Cycling Tips

Tips to Ride in a Group

  • Ninety One
    Team 91
  • 4-minute read
reviews (0 ratings)

You must have seen multiple cyclists riding in close proximity to each other. Think, 'Tour de France' and similar races. They almost feel synchronized and amazingly, they haven't crashed into each other. There is no magic in this well-synced group cycling, but there are a few rules, do's, and don'ts that each cyclist in the group follows.

Before we share them with you, we'd like to list the benefits of this fantastic group activity.

a) You automatically get an excellent workout - Keeping up with the pace of the group will provide you with a better workout than you gingerly riding on your own.

b) You get to meet new like-minded people - The group becomes your posse or clique of sorts with whom you can enjoy cycling activities or even beyond cycling

c) You learn from other cyclists in the group - You have all sorts of cyclists, some with more experience than you. Cycling with more experienced riders can teach you multiple things and improve your riding skills.

d) Group cycling is safer - Safety in numbers, as they say, is true for cycling or when you ride in a group. A group of cyclists is more visible than alone or a couple of cyclists here and there. The chances of meeting with an accident get significantly reduced.

e) Your efficiency as a cyclist is greatly improved - So another significant benefit to group cycling is that it is easier and more efficient than solo cycling because of the advantage of drafting. Drafting is where cyclists cut down on their wind resistance because of the sheltering behind the lead rider, which they benefit from and use less energy. This drafting technique is what race cyclists use, and the group is referred to as a 'peloton.'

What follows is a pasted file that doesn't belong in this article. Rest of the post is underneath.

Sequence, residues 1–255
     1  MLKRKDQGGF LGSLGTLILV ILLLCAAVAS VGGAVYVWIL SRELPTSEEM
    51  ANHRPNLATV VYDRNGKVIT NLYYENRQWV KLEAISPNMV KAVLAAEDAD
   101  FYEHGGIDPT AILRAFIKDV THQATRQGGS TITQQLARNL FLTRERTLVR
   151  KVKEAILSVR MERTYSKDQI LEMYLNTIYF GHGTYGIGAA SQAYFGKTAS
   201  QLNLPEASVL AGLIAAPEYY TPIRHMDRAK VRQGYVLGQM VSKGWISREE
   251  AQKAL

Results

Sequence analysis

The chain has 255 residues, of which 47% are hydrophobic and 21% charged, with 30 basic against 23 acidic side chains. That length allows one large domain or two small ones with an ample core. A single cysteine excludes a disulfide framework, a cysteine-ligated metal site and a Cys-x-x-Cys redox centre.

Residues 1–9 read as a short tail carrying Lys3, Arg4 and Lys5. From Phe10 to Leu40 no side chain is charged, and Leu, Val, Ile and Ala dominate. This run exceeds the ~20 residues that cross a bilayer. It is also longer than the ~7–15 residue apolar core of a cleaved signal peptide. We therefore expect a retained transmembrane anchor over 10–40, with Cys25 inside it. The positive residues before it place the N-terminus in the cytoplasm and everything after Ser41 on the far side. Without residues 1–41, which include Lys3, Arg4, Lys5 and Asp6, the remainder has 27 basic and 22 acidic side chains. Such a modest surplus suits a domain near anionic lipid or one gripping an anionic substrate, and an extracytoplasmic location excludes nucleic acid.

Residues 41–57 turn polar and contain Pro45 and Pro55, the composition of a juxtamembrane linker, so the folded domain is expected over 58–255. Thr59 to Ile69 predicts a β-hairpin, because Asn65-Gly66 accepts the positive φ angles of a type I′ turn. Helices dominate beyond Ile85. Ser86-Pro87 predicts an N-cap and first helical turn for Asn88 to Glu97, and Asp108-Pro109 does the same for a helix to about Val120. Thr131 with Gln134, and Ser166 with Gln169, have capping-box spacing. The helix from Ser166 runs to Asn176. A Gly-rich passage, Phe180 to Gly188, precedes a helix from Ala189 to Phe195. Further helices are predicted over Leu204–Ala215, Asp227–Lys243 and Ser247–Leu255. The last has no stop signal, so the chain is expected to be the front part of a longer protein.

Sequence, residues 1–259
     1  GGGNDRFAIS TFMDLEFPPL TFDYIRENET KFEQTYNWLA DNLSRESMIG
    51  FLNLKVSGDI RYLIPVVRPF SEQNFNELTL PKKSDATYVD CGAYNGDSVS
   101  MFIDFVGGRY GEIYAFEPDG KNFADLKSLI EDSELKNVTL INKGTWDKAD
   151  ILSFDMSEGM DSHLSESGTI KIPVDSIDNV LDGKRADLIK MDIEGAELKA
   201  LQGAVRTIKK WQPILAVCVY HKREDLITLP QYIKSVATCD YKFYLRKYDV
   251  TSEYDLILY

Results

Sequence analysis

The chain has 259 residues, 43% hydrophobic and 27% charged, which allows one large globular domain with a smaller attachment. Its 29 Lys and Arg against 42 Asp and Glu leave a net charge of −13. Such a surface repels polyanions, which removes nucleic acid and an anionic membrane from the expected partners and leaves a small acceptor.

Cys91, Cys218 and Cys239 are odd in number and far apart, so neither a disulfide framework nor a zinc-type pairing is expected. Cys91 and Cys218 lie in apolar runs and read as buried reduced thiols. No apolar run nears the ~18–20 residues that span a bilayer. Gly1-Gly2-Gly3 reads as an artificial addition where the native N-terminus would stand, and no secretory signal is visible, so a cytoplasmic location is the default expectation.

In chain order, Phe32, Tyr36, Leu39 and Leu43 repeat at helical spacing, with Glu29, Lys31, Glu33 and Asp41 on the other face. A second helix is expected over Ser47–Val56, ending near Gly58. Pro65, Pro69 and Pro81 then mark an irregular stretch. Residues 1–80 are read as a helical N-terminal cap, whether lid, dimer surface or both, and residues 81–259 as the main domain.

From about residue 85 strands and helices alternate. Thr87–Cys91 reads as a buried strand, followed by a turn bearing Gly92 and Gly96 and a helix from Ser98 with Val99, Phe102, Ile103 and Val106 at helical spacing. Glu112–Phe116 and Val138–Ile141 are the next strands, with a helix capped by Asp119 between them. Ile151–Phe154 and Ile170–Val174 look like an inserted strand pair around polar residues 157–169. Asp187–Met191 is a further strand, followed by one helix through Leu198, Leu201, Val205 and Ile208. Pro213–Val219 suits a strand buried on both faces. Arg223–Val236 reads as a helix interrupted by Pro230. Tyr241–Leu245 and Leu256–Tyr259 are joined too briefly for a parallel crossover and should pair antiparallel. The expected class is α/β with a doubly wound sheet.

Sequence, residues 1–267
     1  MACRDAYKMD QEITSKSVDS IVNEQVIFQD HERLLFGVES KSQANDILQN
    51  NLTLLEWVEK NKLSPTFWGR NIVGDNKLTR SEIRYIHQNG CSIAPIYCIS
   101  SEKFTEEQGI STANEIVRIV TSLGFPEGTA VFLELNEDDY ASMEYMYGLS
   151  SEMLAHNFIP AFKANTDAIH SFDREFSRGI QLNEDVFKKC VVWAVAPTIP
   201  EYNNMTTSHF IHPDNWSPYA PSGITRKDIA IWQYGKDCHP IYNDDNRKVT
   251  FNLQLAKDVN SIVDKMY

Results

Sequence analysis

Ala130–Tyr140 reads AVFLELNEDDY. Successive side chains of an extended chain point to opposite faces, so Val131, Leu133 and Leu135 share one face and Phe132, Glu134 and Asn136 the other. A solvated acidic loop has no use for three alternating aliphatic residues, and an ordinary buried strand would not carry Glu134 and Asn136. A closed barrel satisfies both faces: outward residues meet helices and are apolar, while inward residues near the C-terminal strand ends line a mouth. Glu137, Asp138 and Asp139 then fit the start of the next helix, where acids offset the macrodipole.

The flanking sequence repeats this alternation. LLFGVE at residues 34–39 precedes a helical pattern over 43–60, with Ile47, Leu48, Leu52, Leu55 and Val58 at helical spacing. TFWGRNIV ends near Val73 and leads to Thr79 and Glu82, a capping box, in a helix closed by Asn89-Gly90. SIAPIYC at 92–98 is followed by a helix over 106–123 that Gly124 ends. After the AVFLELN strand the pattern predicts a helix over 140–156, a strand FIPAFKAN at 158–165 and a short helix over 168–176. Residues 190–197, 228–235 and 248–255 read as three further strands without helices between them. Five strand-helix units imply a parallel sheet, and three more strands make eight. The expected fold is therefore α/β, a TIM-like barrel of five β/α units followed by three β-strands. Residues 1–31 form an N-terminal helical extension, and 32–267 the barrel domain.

With all these great benefits in group cycling, all you need to know is how to cycle in a group, which we will duly explain in a few points here. Let's start.

1) Follow the System

There is a system in place, which will often be two lead riders, and everyone follows behind them. The front rider or riders indicates that they would like to pass on the mantle of being the lead cyclist, and the rider behind takes their place while they move to the back of the pack. All the movement is done neatly and in a synchronized manner and is more through sign language than shouting aloud. At first, you may indicate to the group if you prefer to follow rather than lead for some time or until you get the know-how. While it's mostly two alongside, it could also be a single file depending on space availability. If there is oncoming traffic, the formation may temporarily move to a single file or until whatever is causing the disturbance has passed.

2) Use the Correct Hand Signals